I was exhausted and needed a break so took a month off and flew to Thailand to do voluntary work in a school and orphanage. I travelled into the mountains and to tiny, remote islands when wasn’t working, I drew, sat in temples and took photographs. When I got back I got the flu and never got better. After 6months was diagnosed with M.E. For the 1st 3 months couldn’t do a thing for myself, friends washed my hair, cooked my meals; I’d lie in bed without the energy to breathe. Most people didn’t ‘get’ it and thought I just needed to think positively, the most common comment was that they’d been really tired lately too. Eventually went back to work part time. 6 months later was diagnosed with breast cancer, had a mastectomy and received incredible treatment. People ‘get’ cancer, it’s a ‘proper’ illness and so there was lots of support. Sadly though the ME returned and was off work for another 14months.

I learnt to ‘pace’, that’s all about doing one thing (not my usual manic, multi tasking) and to rest after doing that one thing and not to do something else even if feeling well. It’s really hard, especially when you’re used to flying by the seat of your pants, living on adrenalin, working best under pressure and giving 150%…shall I go on? But the most important thing I learnt was to ask for help and to be honest; if I need to say No, then say No.

Got a job with YWCA as a project worker and met James who worked for another charity in the city. He had 2 boys and we soon added a crazy rescue dog to the mix. We had an incredible DIY wedding at a Christmas tree plantation where everyone camped for the weekend and joined in making, baking and creating.

Worked hard to manage my ME but when YWCA closed all the centres below Bristol and I was made redundant it was the time to think differently. Decided to go it alone and revert to what I love best, sewing. Sadly within the month James was made redundant too, it was the middle of the credit crunch and we were in our 50 so jobs were hard to get, therefore plans had to adapt. I took whatever work came my way and ended up running lots of children’s craft workshops. Ran adult workshops too but being a perfectionist they were really hardwork with loads of prep that you never get remunerated for especially as salaries down here were relatively low so it was hard to charge a realistic price.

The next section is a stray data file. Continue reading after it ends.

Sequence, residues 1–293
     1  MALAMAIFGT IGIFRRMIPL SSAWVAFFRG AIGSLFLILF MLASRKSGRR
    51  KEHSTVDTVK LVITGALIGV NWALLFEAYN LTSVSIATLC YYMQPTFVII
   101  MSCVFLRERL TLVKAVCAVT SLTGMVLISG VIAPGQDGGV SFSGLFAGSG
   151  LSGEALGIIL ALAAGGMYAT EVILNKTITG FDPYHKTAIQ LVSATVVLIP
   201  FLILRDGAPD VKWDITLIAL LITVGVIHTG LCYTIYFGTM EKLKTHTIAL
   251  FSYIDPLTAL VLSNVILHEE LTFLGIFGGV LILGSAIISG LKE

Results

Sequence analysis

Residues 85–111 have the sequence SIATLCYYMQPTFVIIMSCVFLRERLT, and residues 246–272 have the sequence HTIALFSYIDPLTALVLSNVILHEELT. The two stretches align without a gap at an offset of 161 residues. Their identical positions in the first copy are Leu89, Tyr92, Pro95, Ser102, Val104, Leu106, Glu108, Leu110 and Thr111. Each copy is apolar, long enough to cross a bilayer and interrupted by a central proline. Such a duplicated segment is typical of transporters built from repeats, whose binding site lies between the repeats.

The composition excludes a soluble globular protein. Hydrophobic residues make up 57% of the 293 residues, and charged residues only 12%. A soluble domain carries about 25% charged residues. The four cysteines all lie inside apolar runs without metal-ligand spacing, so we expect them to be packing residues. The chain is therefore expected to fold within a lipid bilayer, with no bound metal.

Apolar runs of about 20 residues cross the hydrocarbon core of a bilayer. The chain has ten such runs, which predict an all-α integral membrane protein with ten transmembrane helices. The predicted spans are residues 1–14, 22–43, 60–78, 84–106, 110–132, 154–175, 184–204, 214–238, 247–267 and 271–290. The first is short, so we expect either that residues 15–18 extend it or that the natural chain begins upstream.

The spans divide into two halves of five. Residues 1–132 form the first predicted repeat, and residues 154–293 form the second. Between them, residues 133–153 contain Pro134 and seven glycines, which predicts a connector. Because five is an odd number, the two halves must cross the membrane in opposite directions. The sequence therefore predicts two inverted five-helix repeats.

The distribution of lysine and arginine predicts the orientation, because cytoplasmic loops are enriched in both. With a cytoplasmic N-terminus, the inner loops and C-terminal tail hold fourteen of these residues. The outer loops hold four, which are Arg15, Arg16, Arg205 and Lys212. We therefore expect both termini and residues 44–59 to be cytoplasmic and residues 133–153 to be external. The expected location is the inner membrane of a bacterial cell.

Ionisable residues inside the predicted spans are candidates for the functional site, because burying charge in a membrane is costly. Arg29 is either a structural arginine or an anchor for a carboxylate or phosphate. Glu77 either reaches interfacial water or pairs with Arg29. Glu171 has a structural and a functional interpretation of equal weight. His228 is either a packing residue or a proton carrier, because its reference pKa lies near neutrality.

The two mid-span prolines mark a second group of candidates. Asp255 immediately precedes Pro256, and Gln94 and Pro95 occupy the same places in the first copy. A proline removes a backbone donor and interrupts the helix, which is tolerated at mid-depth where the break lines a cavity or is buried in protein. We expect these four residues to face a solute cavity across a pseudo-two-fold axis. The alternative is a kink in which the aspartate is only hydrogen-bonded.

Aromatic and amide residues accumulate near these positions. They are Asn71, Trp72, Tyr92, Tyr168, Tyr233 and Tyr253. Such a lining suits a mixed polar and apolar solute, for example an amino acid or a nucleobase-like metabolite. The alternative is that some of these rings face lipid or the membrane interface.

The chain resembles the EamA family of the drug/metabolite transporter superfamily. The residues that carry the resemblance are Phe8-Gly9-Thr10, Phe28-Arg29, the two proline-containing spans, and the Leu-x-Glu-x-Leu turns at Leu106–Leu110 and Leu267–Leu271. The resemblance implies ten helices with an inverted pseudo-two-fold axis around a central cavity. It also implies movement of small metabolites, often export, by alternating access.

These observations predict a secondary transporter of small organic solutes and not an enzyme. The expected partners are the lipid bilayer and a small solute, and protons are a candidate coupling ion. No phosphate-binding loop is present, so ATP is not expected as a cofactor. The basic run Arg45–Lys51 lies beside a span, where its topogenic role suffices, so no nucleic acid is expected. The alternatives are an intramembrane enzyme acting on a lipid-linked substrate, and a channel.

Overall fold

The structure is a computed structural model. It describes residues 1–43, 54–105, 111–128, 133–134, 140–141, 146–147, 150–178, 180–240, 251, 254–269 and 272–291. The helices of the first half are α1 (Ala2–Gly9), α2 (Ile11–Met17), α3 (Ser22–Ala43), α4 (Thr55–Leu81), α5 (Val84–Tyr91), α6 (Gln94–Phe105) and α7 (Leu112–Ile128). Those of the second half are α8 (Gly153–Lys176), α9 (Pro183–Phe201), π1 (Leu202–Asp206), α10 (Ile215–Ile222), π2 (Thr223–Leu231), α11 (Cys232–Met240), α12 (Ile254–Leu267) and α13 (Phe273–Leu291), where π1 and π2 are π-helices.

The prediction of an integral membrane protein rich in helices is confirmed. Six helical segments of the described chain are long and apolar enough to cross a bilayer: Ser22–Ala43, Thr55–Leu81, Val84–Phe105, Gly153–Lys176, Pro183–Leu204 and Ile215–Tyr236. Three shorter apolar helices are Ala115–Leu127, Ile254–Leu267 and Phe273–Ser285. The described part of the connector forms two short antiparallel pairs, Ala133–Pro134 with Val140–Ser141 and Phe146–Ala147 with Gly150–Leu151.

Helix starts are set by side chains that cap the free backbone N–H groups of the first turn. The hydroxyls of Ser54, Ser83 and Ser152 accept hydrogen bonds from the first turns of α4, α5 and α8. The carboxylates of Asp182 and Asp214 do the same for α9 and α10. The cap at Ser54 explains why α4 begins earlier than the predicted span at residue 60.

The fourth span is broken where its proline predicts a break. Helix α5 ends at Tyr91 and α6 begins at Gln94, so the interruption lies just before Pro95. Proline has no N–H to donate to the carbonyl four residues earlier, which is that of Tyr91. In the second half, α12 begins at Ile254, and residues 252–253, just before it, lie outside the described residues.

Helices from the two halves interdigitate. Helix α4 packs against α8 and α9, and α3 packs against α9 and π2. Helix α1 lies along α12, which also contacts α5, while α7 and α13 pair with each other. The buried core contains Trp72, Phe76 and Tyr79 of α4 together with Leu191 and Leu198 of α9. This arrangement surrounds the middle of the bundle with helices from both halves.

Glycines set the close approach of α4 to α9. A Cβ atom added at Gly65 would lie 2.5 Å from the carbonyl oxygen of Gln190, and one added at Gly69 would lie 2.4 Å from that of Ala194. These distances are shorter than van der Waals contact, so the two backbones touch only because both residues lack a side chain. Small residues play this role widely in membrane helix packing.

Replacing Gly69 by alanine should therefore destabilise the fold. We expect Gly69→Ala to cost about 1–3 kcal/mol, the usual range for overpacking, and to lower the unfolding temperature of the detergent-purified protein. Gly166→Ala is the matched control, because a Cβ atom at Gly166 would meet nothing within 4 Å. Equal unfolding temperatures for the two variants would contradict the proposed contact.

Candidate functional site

Dad was then diagnosed with dementia and was going back up to Bristol every week. Some people can live well with dementia but Dad just wanted to give up, he just wanted to be with mum, forgetting she had died. He became isolated, depressed and lost his identity. Eventually we couldn’t care for him at home so he moved to a residential home. It was impossible to pack all his treasured possessions into one room to support his memory and sense of belonging, which is where the idea of his lap quilt came from. I’d go up on a Thursday to attend the activity group and have lunch with him and the residents. It was undignifying for them to have bibs put on, so when I got a place at the School for Social Entrepreneurs the idea of aprons was born.

After graduating as a Fellow of SSE I decided no more kid’s workshops and focussed on my quilts and aprons. I’ve found it really hard running a business, I can’t get my head around the business side of it! I love meeting people, hearing their stories and transforming their narrative into something beautiful but the earning a living bit leaves a lot to be desired. As a business with social purpose I do talks at memory cafes and sell my aprons at Memory Matters, a fabulous dementia hub & donate 25% of sales. I’m also a member of the Plymouth Dementia Action Alliance.

Over the years I’ve tried markets but the whole adrenalin of packing up, setting up and chatting (I LOVE chatting with people, I give it my all) wipes me out, was finding my ME kept returning. So for the last 2 years I’ve done none. This year was going to try just 2, well-chosen one and do 2 exhibitions (joined Drawn to the Valley, a group of artists and it has really helped me focus my work and my direction. My confidence has grown and applied to become a member of the Society of Embroidered Work. It was a huge validation of my work to get accepted. Think I was such a victim of that hideous saying “those who can, do and those who can’t, teach”)